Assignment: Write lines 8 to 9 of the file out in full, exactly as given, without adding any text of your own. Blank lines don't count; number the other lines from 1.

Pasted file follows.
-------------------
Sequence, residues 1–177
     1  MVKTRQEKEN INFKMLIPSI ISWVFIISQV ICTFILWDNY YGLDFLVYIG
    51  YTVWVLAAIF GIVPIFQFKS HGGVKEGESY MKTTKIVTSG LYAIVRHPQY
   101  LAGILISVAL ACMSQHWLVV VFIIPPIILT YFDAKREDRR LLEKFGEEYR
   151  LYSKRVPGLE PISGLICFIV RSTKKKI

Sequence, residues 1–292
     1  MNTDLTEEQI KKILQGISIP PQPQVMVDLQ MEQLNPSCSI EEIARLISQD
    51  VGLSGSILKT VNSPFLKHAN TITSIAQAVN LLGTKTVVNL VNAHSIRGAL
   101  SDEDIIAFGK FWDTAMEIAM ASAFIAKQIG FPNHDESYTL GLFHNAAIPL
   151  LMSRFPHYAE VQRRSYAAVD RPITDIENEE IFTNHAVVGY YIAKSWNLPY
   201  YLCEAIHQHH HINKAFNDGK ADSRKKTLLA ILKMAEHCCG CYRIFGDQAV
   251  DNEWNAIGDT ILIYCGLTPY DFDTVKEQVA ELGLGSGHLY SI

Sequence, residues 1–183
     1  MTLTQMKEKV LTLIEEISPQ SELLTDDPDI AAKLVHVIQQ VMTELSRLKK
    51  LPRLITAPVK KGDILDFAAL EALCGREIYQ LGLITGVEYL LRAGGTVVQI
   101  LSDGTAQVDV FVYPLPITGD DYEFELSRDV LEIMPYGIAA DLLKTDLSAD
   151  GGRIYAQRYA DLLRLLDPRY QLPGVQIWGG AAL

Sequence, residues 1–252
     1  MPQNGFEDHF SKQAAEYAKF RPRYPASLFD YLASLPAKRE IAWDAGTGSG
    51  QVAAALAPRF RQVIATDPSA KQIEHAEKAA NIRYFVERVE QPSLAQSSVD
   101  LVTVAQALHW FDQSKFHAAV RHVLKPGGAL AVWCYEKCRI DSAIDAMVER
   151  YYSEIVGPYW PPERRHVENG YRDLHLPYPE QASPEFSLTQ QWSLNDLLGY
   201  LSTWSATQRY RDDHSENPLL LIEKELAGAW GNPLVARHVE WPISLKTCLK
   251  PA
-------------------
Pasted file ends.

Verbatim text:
    51  VGLSGSILKT VNSPFLKHAN TITSIAQAVN LLGTKTVVNL VNAHSIRGAL
   101  SDEDIIAFGK FWDTAMEIAM ASAFIAKQIG FPNHDESYTL GLFHNAAIPL